Field emission electron dispersive X-ray spectroscopy (FE-EDS) performed under the SEM enabled immediate detection of substantial amounts of strontium in all Scyphosphaera apsteinii coccoliths, as the main and characteristic L(α) peak of Sr at 1.8 keV was well expressed on the EDS spectra. From a mineralogical perspective, a few coccolithophore species within the Alisphaeraceae family have the ability to secrete aragonite liths [40] and may potentially explain Sr enrichment, as this phase is a Sr-rich carbonate phase with respect to calcite [41]. All cultured coccoliths have revealed to be pure calcite in this study, and no traces of aragonite have been detected. Likewise, no strontianite, sulfate or other accessory Sr-rich phases were detected. The systematic observation of elevated Sr content in S. apsteinii contrasted with measurements conducted on G. oceanica coccoliths for which the L(α) peak was much closer to the baseline. This preliminary qualitative assessment was subsequently confirmed and refined by semi-quantitative estimates of elemental of Sr/Ca ratios (see below). The K(α) peak at 14.16 keV was also evident for Scyphosphaera under increased excitation energy from 15 to 25 keV. These later analytical conditions enabled resolving the overlap between the Si and Sr peaks (S1 Fig). Converted into molar ratios thanks to a FE-EDS / ICP-AAS calibration (S1 Table; S2 Fig), the Sr/Ca ratios determined for S. apsteinii grown in the unmodified medium (Sr/Ca medium = 8.8 mmol/mol) are comprised between 5.6 and 33.8 mmol/mol (Fig 3A). The mean value is 22.1 mmol/mol with one standard deviation (1 s.d.) of 5.2, which represents appreciable Sr/Ca ratios. The alga Scyphosphaera apsteinii produces two types of calcite mineralization with rather similar ultrastructure, but different morphologies–a feature termed dimorphism (Fig 2). The coccosphere is composed of plane or bowl-shaped body coccoliths with a narrow wall-like rim, whereas modified coccoliths with a strongly elevated rim leading to a vase-shaped morphology–sometimes referred to as the lopadoliths [34,42,43]–are implanted at the equatorial plan of the coccosphere. The body coccoliths synthetized by Scyphosphaera in culture look similar to Pontosphaera coccoliths found in the fossil record (Fig 1B and 1C). Identical mean Sr/Ca ratios were determined for the vase-shaped and body coccoliths. Likewise, there was no detectable difference in Sr/Ca ratios between spot analyses performed on the proximal and distal sides of the coccoliths. Rather, the deviation of data around the mean reflected an inter-specimen difference.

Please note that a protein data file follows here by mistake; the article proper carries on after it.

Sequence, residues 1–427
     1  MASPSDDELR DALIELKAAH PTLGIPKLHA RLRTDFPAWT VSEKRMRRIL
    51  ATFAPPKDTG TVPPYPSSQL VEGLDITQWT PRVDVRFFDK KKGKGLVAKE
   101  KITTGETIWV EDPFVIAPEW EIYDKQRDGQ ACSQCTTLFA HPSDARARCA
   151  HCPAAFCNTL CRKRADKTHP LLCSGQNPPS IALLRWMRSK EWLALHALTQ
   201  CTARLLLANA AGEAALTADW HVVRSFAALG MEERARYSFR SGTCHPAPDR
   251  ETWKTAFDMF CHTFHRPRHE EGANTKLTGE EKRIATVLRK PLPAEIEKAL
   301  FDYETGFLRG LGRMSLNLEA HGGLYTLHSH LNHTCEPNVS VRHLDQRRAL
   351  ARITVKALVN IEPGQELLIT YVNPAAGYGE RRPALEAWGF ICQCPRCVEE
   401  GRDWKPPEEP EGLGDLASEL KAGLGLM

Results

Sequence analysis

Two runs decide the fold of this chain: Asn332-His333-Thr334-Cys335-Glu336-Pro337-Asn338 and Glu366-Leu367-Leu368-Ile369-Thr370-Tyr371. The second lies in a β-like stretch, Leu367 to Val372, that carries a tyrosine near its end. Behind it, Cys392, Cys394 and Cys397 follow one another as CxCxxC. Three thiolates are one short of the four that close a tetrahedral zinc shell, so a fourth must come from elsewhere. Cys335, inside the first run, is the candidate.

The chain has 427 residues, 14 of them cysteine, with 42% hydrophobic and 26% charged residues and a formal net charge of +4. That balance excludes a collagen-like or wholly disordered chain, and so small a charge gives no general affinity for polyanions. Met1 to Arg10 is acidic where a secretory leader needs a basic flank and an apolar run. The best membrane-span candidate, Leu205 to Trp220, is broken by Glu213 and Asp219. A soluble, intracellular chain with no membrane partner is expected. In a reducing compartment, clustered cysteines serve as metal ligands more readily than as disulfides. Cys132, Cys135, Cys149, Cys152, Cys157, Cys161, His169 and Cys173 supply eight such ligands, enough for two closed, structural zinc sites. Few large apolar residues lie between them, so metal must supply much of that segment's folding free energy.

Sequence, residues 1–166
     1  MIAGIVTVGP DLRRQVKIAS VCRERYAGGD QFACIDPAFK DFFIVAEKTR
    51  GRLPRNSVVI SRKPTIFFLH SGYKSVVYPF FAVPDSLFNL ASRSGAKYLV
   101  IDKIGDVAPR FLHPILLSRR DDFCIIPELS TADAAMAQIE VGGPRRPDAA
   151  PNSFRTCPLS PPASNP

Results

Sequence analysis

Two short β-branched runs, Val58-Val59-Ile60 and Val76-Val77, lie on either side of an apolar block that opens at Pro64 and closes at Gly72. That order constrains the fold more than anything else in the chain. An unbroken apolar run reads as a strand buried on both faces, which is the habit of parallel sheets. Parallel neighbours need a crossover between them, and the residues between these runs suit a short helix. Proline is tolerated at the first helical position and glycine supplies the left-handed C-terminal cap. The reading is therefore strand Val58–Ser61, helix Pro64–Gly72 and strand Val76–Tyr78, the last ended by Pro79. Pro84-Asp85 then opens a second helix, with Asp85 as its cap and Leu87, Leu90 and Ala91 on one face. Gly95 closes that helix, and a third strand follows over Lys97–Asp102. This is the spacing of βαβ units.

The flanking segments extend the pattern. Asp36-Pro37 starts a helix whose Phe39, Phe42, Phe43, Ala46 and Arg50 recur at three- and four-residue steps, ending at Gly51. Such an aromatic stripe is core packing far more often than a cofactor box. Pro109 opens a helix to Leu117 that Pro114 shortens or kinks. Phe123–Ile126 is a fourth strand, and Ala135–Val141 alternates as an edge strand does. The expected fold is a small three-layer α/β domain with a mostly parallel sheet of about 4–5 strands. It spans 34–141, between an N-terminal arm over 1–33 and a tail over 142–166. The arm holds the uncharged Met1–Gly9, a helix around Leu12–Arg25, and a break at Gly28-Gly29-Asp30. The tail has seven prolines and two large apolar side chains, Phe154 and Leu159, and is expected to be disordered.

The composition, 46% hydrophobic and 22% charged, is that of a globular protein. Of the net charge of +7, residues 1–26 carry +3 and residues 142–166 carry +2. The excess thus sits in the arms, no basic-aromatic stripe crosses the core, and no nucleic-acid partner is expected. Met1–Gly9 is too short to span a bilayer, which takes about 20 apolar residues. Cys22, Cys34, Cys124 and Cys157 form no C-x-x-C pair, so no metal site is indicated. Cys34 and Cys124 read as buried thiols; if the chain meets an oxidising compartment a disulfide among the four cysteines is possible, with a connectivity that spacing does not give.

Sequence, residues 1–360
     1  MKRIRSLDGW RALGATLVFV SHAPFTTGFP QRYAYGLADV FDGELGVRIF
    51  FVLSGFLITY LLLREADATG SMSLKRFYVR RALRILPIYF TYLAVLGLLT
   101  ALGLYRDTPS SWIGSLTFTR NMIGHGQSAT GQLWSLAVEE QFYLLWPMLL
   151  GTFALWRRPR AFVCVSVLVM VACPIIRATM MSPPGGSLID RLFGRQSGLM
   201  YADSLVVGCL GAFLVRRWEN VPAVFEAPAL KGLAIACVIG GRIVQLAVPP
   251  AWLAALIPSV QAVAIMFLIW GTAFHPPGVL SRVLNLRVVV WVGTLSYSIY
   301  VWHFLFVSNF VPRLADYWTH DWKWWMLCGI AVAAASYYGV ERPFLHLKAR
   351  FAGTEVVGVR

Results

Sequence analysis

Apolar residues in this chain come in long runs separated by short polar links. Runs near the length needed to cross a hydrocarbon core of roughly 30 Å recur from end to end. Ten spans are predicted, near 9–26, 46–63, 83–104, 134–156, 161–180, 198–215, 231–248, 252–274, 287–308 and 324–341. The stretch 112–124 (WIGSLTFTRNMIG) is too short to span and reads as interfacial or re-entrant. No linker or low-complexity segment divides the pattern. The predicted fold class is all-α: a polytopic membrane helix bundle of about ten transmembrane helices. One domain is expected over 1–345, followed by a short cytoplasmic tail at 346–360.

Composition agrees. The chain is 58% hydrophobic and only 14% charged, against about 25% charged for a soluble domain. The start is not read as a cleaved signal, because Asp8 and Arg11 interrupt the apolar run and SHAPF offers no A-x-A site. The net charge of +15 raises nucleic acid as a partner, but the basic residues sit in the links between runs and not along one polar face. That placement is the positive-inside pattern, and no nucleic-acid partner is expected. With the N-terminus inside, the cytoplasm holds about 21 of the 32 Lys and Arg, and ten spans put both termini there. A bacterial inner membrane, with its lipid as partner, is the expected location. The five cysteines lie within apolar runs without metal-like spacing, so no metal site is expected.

Fig 3. Cultured coccolith Sr/Ca ratios.